Plastic or Wood — Which Toys Are Better?

Plastic or Wood — Which Toys Are Better?

Are Wooden Toys More Educational?

There is a long-standing debate on this topic. One side claims that toys made from wood are more educational for your children. They reason that if it is less stylized it leaves more to the imagination. The other side contends that the material alone doesn’t automatically make a toy have educational value. That would be like saying foods with the color green are healthier. Jelly Belly, Jolly Rancher, Green M&M’s — you get the picture.

We tend to agree with the latter argument. Many of us at QUADRO grew up playing with LEGO. It’s made of plastic, and yet one could argue that no other toy has inspired so many children’s imaginations in quite the same way. It is, in fact, not the material that counts but its function.

Construction toys, whether made from plastic or wood, offer the most educational and creative learning experience, the benefits of which last a lifetime. They appeal to both boys and girls of all ages, offering open-ended play in which the imagination is the limit. QUADRO is no exception to this — a Giant Construction Kit with endless possibilities for creation and problem solving. And it is only possible thanks to advancements in plastics.

Are Wooden Toys Safer?

Wood is commonly thought of as being the “natural choice” for children's toys. However, this is not automatically the case as not all wooden toys are created in the same way.

Toy manufacturers often use clever marketing to make parents believe that they are buying natural toys. Packaging may state, “this toy is made from wood”, or “made from natural wood”. The packaging may use images of trees, or come in eco-friendly looking cardboard boxes. Marketing a product in this manner gives one the impression that this is a “natural toy”.

Look for toys that are made from solid wood, as opposed to pressed wood, plywood or MDF, which are much cheaper materials but require the use of toxic glue during production. This type of glue contains formaldehyde, a volatile organic chemical (VOC) which will off-gas (emit as a vapor) for a long time. This effect has been linked to several health issues including leukemia and cancer.

Most inexpensive wooden toys are mass-produced in China and Pacific Rim countries where quality control and regulation are relaxed. Even some of the most trusted and reputable US toy companies have been hit with large recalls due to the toxic levels of chemicals found in their wooden toys.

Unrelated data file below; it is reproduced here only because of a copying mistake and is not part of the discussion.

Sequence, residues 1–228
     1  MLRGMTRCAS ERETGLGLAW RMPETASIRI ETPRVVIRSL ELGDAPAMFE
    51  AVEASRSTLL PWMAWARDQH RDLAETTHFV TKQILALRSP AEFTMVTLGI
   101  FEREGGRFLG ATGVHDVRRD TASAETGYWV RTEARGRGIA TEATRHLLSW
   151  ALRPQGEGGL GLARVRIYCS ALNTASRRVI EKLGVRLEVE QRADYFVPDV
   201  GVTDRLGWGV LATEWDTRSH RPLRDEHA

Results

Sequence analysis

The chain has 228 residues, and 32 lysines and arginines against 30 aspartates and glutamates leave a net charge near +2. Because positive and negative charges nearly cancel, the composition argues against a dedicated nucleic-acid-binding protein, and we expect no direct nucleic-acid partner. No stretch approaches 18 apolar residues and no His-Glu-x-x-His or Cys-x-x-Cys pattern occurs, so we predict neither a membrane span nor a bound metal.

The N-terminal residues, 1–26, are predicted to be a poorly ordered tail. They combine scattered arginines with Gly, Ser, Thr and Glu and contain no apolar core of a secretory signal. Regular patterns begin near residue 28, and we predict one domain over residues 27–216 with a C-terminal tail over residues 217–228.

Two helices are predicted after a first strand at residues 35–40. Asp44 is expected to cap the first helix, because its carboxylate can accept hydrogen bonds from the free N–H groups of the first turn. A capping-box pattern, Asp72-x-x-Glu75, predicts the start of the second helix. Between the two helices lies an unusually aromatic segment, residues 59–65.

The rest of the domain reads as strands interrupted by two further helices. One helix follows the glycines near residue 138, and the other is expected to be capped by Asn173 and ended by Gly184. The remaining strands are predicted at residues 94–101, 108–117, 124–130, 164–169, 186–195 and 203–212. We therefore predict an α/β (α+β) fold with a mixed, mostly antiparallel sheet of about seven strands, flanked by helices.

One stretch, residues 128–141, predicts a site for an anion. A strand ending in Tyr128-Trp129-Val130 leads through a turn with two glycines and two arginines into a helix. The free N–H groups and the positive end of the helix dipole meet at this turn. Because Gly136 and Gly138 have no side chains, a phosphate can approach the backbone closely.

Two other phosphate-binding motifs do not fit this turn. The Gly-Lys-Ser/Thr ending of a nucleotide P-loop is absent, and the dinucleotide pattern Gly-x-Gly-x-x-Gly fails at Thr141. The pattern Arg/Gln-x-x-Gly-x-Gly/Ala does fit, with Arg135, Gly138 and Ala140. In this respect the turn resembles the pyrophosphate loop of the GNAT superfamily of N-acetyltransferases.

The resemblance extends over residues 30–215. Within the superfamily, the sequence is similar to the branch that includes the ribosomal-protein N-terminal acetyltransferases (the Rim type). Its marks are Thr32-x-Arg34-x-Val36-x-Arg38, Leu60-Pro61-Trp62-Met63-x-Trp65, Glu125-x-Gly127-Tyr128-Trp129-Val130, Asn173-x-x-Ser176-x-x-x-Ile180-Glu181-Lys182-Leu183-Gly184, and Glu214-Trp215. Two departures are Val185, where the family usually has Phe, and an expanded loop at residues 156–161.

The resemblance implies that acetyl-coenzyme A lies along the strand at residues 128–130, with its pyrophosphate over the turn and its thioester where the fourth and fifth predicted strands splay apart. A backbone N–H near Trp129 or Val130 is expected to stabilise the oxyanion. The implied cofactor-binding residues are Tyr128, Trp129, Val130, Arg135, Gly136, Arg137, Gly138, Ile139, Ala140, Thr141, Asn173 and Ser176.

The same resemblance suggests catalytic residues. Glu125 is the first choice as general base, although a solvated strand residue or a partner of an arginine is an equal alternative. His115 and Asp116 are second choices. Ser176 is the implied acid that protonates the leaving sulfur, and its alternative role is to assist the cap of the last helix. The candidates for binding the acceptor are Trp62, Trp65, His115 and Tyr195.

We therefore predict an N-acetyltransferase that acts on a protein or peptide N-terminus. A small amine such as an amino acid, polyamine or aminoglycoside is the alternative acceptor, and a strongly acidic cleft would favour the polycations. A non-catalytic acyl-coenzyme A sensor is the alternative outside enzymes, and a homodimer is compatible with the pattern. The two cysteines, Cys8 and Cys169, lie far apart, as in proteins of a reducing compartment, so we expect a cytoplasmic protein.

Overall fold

While wood looks nicer and may last longer, it isn’t automatically safer for your children. To protect your family, stick with toys produced in the U.S. and E.U. where stricter regulations are enforced. Also, check for toy recalls at the Consumer Products Safety Commission (CPSC).

The same holds true for wooden outdoor playsets. Since the 1930s, outdoor wooden structures in the US — including decks, and picnic tables — were being pressure-treated with an arsenic-based compound to make them weather resistant. According to the EPA, these woods pose an increased risk of cancer to kids who play and eat on them. Thanks to stricter regulations, domestic production of this type of wood has stopped since 2004. However, many of the structures from before then are still in use today.1

Plastic is durable and lightweight, the perfect material to make QUADRO possible. We do not treat our components with harmful chemicals. We believe that safety always comes before profit, and playtime should be a fond childhood memory.

In Short

When buying a product for children, one should always use good judgement. Just because something is made out of wood doesn’t automatically make it more educational or safe. Look for information on the manufacturer’s website about the safety of the materials they use and their impact on the environment. If they can’t convince you of your children’s safety, then it isn’t worth the risk.

1. Yuntzu-Yen Chen A., Olsen T. Chromated copper arsenate–treated wood: a potential source of arsenic exposure and toxicity in dermatology. Int J Womens Dermatol. 2016 Mar; 2(1): 28–30. [Link]